Non-pharmacological pain management strategies for labour: Maintaining a physiological outlook
Negotiating the pain and discomfort of labour can be challenging for women, their partners and the midwives attending their births. In current midwifery practice, there are a number of women who express a desire to experience the whole range of sensations accompanying physiological birth without the use of pharmacological agents while retaining a sense of control and dignity. Guidance is available around non-pharmalogical strategies for pain management in labour. Midwives can use the philosophy of normality to thoughtfully support and guide women and their partners, helping them to choose strategies that work with the underlying physiology of pain while enabling women to feel empowered in their birth experience.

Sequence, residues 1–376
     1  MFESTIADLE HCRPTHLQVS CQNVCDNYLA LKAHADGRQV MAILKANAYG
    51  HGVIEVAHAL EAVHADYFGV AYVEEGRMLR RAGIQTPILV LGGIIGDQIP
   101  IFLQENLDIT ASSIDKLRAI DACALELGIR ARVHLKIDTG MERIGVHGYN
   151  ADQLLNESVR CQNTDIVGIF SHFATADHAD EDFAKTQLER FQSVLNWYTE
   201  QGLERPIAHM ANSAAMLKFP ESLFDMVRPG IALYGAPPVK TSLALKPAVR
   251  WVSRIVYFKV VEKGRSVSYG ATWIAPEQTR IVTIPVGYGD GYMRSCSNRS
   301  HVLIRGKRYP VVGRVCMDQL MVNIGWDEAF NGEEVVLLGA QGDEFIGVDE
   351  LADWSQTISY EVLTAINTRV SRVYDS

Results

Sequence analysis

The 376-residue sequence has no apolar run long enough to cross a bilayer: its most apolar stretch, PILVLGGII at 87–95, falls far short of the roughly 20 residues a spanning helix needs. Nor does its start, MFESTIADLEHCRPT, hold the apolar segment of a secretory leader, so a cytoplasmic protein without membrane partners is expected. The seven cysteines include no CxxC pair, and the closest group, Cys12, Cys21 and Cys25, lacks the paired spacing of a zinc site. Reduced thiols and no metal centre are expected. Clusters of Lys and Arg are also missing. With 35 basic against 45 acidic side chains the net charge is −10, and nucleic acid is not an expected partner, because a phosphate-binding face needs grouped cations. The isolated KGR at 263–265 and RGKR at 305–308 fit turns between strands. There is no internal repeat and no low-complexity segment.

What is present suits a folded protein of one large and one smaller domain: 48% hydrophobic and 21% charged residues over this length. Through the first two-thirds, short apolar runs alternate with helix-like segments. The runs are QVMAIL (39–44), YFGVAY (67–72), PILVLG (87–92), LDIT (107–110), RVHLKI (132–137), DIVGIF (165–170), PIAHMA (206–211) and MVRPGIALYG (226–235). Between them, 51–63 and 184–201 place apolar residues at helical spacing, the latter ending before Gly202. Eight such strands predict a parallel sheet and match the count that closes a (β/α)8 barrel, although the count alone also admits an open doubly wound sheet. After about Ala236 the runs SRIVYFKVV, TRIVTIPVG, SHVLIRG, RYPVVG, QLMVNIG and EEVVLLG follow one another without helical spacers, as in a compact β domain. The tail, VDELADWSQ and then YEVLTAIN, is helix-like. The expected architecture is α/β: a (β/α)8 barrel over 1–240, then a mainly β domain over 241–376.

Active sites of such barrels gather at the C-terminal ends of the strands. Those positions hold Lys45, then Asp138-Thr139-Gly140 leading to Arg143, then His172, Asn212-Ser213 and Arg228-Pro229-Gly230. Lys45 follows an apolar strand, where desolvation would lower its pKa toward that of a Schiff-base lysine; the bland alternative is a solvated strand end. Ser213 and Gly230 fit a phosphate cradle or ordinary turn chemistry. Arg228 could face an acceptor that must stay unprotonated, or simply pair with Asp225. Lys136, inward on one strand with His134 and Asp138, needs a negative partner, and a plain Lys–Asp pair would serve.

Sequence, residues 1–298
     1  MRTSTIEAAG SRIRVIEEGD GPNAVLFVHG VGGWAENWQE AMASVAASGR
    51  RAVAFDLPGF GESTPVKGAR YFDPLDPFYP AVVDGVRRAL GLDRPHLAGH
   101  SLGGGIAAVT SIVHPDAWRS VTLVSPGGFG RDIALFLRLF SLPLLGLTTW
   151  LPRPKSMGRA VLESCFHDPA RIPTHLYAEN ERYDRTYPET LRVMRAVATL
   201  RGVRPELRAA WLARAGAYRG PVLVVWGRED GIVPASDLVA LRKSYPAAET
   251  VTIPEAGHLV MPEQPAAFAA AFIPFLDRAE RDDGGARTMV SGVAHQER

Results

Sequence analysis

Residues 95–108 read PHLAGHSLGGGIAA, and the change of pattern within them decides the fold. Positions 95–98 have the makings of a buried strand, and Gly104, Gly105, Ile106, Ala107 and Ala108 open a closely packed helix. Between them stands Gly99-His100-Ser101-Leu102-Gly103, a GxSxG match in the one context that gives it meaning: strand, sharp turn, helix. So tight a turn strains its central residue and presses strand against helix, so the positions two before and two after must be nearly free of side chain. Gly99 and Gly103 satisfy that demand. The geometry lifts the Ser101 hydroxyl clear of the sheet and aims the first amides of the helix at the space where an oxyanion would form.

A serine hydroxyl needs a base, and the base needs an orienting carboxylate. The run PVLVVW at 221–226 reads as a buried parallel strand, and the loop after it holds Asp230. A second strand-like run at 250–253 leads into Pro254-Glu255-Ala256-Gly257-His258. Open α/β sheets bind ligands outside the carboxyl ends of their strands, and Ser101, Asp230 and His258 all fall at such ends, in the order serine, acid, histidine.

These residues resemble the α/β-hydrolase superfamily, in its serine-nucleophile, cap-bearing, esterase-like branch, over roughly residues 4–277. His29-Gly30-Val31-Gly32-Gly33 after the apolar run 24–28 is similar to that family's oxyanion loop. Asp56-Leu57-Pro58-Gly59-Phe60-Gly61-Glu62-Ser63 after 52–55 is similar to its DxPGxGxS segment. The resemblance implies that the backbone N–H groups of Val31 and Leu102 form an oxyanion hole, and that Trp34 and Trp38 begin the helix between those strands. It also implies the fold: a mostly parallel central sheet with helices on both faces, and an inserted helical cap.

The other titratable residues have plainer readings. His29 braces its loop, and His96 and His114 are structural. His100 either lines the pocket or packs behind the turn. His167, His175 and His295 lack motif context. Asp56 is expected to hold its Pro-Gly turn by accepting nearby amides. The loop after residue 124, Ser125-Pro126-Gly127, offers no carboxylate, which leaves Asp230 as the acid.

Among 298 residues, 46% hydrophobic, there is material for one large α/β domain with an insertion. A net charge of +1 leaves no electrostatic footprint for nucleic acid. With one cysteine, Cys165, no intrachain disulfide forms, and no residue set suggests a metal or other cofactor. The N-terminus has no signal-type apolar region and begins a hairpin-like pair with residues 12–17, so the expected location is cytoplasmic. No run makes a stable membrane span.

Labour pain is complex and multifaceted, existing within an individual perception and context, and arising from individual physiology, psychology and cultural perspectives. Notions of ‘normal labour’ differ depending on cultural background, spiritual practice and a woman's phenomenological experiences (Karlsdottir et al, 2014). The International Association for the Study of Pain (IASP, 2014) defines pain as ‘an unpleasant sensory and emotional experience associated with actual or potential tissue damage’—a distinction from the physiological normal role of pain in a birthing context, which may be challenging for both women's perception and midwifery facilitation (Sanders, 2015). The National Institute for Health and Care Excellence (NICE, 2016) prompts practitioners to reflect on how midwives’ ideologies and beliefs influence how women are supported to handle the experience of labour discomfort (Nursing and Midwifery Council (NMC), 2015; Leap and Hunter, 2016). This article focuses on midwives' capacity, through understanding non-pharmacological strategies, to facilitate practice based on ‘working with pain’ (Leap, 1997) rather than ‘pain relief’.
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